Predictive analytics has never been more important. A wealth of data is now available to businesses, but this doesn’t mean that everyone is getting the most value from it. This where data analytics and, more specifically, predictive analytics comes in. It uses data, algorithms and machine-learning techniques to showcase the probability of a future outcome based on past occurrences.
With this in mind, it’s not hard to see why predictive analytics has quickly become a crucial part of business strategy. If businesses can analyse data from past activities, they can predict what might happen in the future. They can then make adjustments in real time, working with agility by leveraging data.
What’s more, predictive analytics is a vital component of marketing jobs today – enabling marketers to assess how effective a campaign may be and drive stronger results.
Today, there is more technology available than ever which allows a greater number of people to get value from data, meaning that anybody can see and understand their own data to gain new insights. It was previously the case that predictive analytics could only be utilised by ‘data scientists’ who specialised in complex code. But this is no longer the case.
Predictive analytics and HelloFresh
It’s no secret that marketers can use predictive analytics to discover why a particular campaign was successful or unsuccessful, but what more people don’t know is that predictive analytics can be most successful when implemented across an organisation.
Let’s look at how this might work. Take, for instance, the customer insights team within the marketing department. It can comb through the data collected about what specifically was of most interest to customers during a set period – whether it be a product, service, or piece of content. Armed with this knowledge, that team can share results across other departments in the business. The result is a customer-centric approach across the company, as future campaigns are adapted to customers’ wants and needs.
HelloFresh, the Berlin-based food-delivery start-up, is just one example of an organisation that is putting predictive analytics at the heart of its business strategy. HelloFresh uses self-service visual analytics across the business to understand customer recipe preferences, manage stock levels and ensure delivery of fresh ingredients. The company receives feedback from customers on ingredients and recipes each week – clearly useful marketing information when leveraged properly.
The company can use this information to spot patterns and identify anomalies within the data. This helps the head chefs adapt their recipes to better serve customers.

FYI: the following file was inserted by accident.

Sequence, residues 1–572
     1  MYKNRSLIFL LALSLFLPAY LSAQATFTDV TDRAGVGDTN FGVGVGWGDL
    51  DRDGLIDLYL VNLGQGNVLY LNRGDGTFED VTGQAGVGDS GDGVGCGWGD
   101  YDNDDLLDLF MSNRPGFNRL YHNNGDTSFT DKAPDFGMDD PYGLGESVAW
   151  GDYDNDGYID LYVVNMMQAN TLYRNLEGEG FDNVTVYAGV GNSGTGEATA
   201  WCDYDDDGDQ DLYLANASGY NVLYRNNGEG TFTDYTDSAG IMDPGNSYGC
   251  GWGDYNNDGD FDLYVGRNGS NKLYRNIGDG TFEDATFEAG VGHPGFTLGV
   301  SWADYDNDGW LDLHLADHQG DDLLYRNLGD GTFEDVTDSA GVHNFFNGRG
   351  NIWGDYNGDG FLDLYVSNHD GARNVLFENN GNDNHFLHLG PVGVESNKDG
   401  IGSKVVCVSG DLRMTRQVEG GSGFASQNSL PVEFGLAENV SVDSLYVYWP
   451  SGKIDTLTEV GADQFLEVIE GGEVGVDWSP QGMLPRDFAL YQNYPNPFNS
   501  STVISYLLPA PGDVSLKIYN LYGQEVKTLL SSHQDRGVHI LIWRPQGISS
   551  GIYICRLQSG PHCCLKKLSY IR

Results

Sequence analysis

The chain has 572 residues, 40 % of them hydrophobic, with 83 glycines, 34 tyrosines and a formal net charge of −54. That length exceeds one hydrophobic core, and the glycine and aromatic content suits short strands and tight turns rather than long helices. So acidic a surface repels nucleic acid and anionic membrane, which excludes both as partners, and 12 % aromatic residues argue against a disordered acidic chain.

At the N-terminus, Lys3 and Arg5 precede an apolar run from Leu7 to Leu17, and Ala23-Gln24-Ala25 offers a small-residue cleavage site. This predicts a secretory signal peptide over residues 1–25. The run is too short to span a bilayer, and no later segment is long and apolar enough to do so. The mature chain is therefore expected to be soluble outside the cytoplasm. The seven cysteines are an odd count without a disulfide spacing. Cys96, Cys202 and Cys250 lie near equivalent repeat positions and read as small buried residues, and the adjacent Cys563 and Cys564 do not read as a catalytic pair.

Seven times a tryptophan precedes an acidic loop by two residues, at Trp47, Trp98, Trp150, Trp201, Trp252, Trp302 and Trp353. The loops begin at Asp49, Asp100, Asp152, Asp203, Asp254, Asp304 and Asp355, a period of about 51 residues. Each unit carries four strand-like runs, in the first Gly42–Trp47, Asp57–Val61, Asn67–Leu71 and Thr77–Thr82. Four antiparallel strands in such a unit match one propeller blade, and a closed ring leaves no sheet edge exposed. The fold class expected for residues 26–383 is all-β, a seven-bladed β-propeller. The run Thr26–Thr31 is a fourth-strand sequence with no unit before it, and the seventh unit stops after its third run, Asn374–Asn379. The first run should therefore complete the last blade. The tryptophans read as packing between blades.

Predictive analytics and the retail sector: MUJI
It’s not only the food industry that benefits from employing predictive analytics. Consumer goods retailer MUJI has discovered the benefit in boosting customer loyalty and continuing growth. MUJI tapped into more than 300 million rows of data to improve not only its results but also its understanding of activity across its 640 stores, in addition to online and on its mobile app. Predictive analytics provides them with a better picture of which channels work best for different demographics, allowing them to target efforts on reaching those most engaged with the brand.
But are there any downsides? If so – what?
While there are a number of benefits associated with incorporating data analytics into business, its use has raised questions about how data should link with human emotion. Data analytics provides a window to what we think and how we act – for example, what customers buy and how they engage with online content – but it would be wrong to suggest that it offers marketers a complete overview.
Data is an invaluable asset for businesses, but it has to work alongside human intuition. Data can offer a perspective on possible actions or decisions, but ultimately marketers should also incorporate their own judgement, based on intuition, previous experience and contextual understanding.
If, for instance, there is a big difference between a worker’s initial prediction and what the data actually shows, they should take every step to ascertain why this is the case, and what can be done to rectify the situation. As valuable as data is, it does not paint the full picture. If companies wish to have the biggest possible impact on business, they must pair predictive analytics with human judgment. Only then will marketers have the best approach toward tackling business problems and developing a more engaging customer experience.
By Susan Graeme, senior director of EMEA marketing at Tableau Software
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